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The Islandman

The Hidden Life of Tomás O’Crohan


Irene Lucchitti

This book concerns Tomás O’Crohan of the Blasket Islands and offers a radical reinterpretation of this iconic Irish figure and his place in Gaelic literature. It examines the politics of Irish culture that turned O’Crohan into «The Islandman» and harnessed his texts to the national political project, presenting him as an instinctual, natural hero and a naïve, almost unwilling writer, and his texts as artefacts of unselfconscious, unmediated linguistic and ethnographic authenticity. The author demonstrates that such misleading claims, never properly scrutinised before this study, have been to the detriment of the author’s literary reputation and that they have obscured the deeply personal and highly idiosyncratic purpose and nature of his writing.
At the core of the book is a recognition that what O’Crohan wrote was not primarily a history, nor an ethnography, but an autobiography. The book demonstrates that the conventional reading of the texts, which privileges O’Crohan’s fisherman identity, has hidden from view the writer protagonist inscribed in the texts, subordinating his identity as a writer to his identity as a peasant. The author shows O’Crohan to have been a literary pioneer who negotiated the journey from oral tradition into literature as well as a modern, self-aware man of letters engaging deliberately and artistically with questions of mortality.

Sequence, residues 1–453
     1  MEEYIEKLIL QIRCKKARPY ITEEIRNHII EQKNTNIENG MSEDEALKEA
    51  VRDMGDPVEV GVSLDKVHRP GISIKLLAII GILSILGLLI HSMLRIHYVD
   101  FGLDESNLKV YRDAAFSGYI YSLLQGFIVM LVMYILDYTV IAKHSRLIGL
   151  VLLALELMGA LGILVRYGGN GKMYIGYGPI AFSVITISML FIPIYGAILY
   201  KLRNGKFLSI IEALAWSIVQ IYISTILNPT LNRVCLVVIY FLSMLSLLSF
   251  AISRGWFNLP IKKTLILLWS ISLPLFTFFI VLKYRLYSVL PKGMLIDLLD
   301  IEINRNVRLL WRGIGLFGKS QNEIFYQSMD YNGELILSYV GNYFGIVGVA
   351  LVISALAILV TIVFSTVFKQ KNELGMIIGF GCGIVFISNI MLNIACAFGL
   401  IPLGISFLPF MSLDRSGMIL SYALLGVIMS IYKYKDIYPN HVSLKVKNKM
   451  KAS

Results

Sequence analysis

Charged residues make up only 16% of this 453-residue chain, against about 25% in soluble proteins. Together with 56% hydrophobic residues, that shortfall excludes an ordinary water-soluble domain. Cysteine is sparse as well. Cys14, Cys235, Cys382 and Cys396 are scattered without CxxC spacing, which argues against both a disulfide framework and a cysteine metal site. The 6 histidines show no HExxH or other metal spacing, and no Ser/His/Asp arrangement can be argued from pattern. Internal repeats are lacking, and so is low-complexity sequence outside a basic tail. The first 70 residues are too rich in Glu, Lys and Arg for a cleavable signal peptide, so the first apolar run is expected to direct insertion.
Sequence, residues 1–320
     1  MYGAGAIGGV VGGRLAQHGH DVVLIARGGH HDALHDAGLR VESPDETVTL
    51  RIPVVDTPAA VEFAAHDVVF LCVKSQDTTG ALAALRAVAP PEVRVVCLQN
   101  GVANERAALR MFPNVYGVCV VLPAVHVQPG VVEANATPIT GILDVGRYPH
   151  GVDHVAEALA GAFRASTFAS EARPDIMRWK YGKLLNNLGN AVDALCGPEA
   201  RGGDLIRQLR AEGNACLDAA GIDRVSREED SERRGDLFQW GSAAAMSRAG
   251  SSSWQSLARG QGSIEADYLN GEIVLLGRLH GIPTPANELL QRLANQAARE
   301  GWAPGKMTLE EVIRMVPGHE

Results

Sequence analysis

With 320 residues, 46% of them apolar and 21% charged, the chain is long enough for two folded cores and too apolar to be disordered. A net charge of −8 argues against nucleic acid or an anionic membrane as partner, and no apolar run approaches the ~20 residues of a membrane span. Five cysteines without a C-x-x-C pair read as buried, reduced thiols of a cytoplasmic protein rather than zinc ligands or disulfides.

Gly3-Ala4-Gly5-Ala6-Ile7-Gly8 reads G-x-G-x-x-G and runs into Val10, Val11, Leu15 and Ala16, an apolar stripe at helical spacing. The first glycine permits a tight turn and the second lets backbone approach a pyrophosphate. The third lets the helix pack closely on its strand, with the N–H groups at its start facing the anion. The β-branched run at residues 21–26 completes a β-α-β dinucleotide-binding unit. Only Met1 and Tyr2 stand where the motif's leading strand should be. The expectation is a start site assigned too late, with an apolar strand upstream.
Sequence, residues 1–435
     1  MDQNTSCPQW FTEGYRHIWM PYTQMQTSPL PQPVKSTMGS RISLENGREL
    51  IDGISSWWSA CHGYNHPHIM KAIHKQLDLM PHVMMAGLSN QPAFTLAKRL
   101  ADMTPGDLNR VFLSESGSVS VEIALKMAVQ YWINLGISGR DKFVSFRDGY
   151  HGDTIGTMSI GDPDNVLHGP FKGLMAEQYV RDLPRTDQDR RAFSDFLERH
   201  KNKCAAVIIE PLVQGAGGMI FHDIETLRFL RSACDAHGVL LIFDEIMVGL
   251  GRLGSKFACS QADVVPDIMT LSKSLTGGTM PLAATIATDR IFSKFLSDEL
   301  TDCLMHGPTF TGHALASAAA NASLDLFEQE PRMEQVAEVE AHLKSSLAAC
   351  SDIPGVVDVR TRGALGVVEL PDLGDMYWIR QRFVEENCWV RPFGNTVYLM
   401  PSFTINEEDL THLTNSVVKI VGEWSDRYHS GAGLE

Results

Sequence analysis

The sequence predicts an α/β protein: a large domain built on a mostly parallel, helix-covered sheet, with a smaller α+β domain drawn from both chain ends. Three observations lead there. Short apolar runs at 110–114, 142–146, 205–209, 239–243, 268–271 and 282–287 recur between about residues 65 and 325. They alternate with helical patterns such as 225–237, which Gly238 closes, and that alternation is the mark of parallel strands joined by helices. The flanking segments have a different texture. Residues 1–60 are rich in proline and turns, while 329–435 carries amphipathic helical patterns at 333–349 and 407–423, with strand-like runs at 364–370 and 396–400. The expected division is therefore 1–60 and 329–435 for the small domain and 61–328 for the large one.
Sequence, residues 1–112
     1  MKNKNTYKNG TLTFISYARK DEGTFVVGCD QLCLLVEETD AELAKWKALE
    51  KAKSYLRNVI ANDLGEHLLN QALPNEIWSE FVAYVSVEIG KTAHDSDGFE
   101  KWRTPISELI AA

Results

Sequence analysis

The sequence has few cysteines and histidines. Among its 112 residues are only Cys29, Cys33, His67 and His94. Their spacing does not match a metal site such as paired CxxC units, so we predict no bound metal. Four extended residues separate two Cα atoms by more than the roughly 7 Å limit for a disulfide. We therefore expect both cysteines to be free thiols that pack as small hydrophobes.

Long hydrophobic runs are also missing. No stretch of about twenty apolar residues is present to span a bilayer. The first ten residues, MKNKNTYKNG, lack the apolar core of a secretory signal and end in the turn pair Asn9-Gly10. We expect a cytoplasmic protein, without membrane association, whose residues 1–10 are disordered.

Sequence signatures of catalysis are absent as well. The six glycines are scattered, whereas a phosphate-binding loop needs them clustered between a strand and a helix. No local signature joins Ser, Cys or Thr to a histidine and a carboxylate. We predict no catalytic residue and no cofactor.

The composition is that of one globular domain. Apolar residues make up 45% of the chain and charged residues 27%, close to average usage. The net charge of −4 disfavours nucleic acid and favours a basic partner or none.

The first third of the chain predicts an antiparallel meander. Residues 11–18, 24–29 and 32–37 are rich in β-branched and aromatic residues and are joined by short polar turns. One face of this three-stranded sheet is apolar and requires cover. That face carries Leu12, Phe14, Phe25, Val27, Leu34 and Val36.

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Acknowledgements 9


Acknowledgements I wish to express my gratitude to those who have accompanied me and assisted me in so many ways on my long journey through the writings of Tomás O’Crohan. I am deeply indebted to Anne Collett for the enthusi- asm, quiet wisdom and intellectual generosity with which she supervised my postgraduate research. With her encouragement, I entered the life of the Academy through participation in the life of our own university and through membership of IASIL, whose members have nourished and extended my love of Irish Studies over the past few years. I am thankful too to Áine de Paor for her lessons in Irish language and her translations of several critical articles that were most useful to the study. A debt of thanks is owed to Micheál de Mordha and Ruth Uí hOg’ain who opened the archive of the Blasket Heritage Centre, Dunquin, to me, and to the staff of Dingle Public Library for allowing the use of their records. I wish also to thank Carol Woolley of the University of Wollongong Library for the many documents she retrieved from places far away and from times long ago. I wish also to acknowledge the personal support of my husband and family. I thank Pasquale for the chance to live out this dream and for sharing the adventure, for dropping everything to go to conferences in far-flung places. Thank you also to my sister, Joanne Harris, for the oppor- tunity to study in places of unique tranquillity....

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